Absorbing the Lessons of WHO's Ebola Response

An expert panel's report finds WHO does not possess the capacity or organizational culture to deliver a full emergency public response.

An assessment panel's report in July 2015 offered a sobering analysis of the World Health Organization's response to the Ebola outbreak in West Africa, which at press time continued in Guinea. WHO reported 11,235 people have died of the disease as of June 28, 2015.

The panel concluded that Member States have for the most part failed to implement core capacities, particularly for infectious disease surveillance and data gathering, that are required by the International Health Regulations, and that by instituting travel bans and other measures not called for by WHO, nearly one-quarter of the Member States helped to cause a significant delay in the declaration of the outbreak as a Public Health Emergency of International Concern by WHO. "The Panel considers this situation, in which the global community does not take seriously its obligations under the International Health Regulations (2005)—a legally binding document—to be untenable," the report's executive summary states.

The six panelists (one was Dr. Julio Frenk, M.D., MPH, Ph.D., who served as dean of the Harvard T.H. Chan School of Public Health from Jan. 1, 2009 to Aug. 15, 2015) worked fast, meeting for the first time at the end of March 2015 and delivering this report scarcely three months later. They had visited the three most affected countries and met with many organizations involved in the Ebola response.

The report concludes WHO "should be the lead emergency response agency" but adds, "The Panel considers that WHO does not currently possess the capacity or organizational culture to deliver a full emergency public response" and lacks sufficient dedicated funding to fulfill that mission.

WHO responded to the report by thanking the panelists and endorsing their recommendations, which included creating a contingency fund to ensure funding is available for an initial response and also establishing an intermediate level of alert in order to sound the alarm earlier than can be done with a full Public Health Emergency of International Concern declaration.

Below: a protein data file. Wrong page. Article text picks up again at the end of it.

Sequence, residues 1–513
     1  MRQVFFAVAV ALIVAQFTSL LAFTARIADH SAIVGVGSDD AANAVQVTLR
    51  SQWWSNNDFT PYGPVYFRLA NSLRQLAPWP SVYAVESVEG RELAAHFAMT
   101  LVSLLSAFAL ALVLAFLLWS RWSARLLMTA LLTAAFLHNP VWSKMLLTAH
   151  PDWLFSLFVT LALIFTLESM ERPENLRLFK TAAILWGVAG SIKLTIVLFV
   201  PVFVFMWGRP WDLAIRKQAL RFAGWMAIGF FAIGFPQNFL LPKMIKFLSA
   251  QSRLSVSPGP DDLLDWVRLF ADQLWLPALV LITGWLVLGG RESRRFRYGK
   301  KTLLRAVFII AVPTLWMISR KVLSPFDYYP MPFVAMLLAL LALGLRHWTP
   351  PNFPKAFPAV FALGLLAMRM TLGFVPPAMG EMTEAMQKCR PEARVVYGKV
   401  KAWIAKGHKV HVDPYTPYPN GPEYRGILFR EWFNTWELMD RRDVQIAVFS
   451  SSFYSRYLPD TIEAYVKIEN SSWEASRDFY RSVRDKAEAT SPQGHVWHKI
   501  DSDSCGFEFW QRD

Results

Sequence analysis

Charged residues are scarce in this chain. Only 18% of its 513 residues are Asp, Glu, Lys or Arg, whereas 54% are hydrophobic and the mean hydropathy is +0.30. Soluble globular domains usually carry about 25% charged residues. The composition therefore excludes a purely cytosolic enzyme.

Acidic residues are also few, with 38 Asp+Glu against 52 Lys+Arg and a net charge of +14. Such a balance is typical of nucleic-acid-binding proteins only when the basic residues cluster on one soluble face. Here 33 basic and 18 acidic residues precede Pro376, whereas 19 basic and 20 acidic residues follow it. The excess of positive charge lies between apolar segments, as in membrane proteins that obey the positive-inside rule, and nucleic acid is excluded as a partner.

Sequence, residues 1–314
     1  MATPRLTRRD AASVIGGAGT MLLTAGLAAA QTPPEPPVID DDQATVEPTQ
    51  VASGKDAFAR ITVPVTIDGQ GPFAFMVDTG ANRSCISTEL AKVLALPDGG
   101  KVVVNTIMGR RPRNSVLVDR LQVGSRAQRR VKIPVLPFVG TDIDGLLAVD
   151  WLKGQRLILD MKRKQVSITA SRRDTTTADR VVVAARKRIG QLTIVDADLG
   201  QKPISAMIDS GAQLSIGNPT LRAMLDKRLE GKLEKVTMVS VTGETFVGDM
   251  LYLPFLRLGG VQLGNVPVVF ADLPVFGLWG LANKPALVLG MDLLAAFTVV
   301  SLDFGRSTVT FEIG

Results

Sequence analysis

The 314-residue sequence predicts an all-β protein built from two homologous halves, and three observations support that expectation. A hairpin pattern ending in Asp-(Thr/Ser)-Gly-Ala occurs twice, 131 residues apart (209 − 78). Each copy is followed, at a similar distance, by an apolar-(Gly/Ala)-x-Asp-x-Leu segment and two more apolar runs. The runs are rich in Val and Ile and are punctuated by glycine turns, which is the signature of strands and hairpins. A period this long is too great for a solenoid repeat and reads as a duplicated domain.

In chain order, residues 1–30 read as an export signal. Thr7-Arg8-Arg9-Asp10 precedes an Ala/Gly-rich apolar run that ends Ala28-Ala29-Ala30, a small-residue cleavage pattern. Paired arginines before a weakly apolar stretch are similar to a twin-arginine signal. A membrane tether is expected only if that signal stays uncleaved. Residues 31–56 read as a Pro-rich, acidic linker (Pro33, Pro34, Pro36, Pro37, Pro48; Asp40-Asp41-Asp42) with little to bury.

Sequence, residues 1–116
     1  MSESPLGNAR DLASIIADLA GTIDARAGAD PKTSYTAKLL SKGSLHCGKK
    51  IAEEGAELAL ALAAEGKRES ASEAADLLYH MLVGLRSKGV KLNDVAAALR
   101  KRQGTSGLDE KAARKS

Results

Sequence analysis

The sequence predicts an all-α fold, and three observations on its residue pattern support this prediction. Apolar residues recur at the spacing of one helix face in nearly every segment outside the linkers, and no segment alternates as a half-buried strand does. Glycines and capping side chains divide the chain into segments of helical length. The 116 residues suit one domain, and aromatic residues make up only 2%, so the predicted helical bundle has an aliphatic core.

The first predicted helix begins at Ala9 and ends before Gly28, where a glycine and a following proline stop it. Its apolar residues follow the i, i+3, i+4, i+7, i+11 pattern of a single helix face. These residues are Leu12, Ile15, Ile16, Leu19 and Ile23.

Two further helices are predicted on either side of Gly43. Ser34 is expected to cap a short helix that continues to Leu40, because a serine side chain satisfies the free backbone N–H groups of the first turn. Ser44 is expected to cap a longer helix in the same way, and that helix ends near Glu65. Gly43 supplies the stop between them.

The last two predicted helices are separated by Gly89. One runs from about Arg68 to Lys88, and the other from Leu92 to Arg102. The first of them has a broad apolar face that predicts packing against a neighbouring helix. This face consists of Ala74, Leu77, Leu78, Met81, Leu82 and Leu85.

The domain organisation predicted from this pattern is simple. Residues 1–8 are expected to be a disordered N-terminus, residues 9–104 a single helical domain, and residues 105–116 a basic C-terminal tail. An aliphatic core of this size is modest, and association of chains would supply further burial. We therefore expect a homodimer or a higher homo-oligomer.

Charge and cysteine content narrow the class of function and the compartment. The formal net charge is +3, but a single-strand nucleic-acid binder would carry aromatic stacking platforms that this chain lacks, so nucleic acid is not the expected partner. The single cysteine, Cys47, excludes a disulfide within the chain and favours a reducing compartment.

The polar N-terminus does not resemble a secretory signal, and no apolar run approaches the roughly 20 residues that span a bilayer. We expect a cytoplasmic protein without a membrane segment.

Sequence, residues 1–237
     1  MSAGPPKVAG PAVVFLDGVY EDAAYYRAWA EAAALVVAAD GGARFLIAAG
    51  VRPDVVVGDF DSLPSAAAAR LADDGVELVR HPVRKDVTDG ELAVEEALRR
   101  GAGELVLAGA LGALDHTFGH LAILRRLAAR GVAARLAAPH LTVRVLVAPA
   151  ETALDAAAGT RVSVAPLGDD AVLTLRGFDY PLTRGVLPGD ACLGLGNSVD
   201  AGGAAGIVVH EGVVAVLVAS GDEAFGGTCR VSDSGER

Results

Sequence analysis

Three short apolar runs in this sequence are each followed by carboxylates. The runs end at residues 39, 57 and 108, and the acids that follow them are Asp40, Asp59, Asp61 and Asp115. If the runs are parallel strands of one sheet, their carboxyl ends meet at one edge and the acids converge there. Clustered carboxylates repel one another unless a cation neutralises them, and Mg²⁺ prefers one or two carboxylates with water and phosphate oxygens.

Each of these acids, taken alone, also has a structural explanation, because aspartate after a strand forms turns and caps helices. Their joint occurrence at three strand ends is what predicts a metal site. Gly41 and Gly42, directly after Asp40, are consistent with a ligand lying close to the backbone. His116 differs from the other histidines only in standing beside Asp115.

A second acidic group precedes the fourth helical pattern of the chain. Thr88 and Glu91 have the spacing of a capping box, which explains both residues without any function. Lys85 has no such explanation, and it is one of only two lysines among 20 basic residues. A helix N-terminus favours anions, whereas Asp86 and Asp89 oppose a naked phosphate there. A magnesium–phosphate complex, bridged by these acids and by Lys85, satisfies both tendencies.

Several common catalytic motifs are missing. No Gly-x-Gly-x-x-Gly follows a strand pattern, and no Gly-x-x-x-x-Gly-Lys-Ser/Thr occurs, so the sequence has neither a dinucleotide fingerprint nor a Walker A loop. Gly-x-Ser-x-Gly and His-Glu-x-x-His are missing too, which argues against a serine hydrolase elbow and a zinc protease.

This article originally appeared in the September 2015 issue of Occupational Health & Safety.

About the Author

Jerry Laws is Editor of Occupational Health & Safety magazine, which is owned by 1105 Media Inc.

Download Center

  • The Ultimate Guide to OSHA Recordkeeping

    When it comes to OSHA recordkeeping, there are always questions regarding the requirements and in and outs. This guide is here to help!

  • Lone Worker Safety Guide

    As organizations digitalize and remote operations become more commonplace, the number of lone workers is on the rise. These employees are at increased risk for unaddressed workplace accidents or emergencies. This guide was created to help employers better understand common lone worker risks and solutions for lone worker risk mitigation and incident prevention.

  • Online Safety Training Buyer's Guide

    Thinking of getting an online safety training solution at work but not sure how to evaluate different solutions and find the one that's best for your company? Use this handy buyer's guide to learn the basics of selecting online safety training and how to use it at your workplace.

  • SDS Software Buyer's Guide

    Whether this is your first time shopping for online SDS software or you’re upgrading from a legacy solution, this guide is designed for you to use in your search for the safety management solution that works best for you and your company.

  • Risk Matrix Guide

    Risk matrices come in many different shapes and sizes. Understanding the components of a risk matrix will allow you and your organization to manage risk effectively.

  • Vector Solutions

OH&S Digital Edition

  • OHS Magazine Digital Edition - January February 2022

    January February 2022

    Featuring:

    • FACILITY SAFETY
      Industrial Facility Safety from the Loading Dock to the Plant Interior
    • COMBUSTIBLE DUST
      Tiny Particles: Big Booms
    • OIL & GAS
      Creating a Culture of Safety
    • PPE: HAND PROTECTION
      Innovative, Comfortable Hand Protection Option for Workers
    View This Issue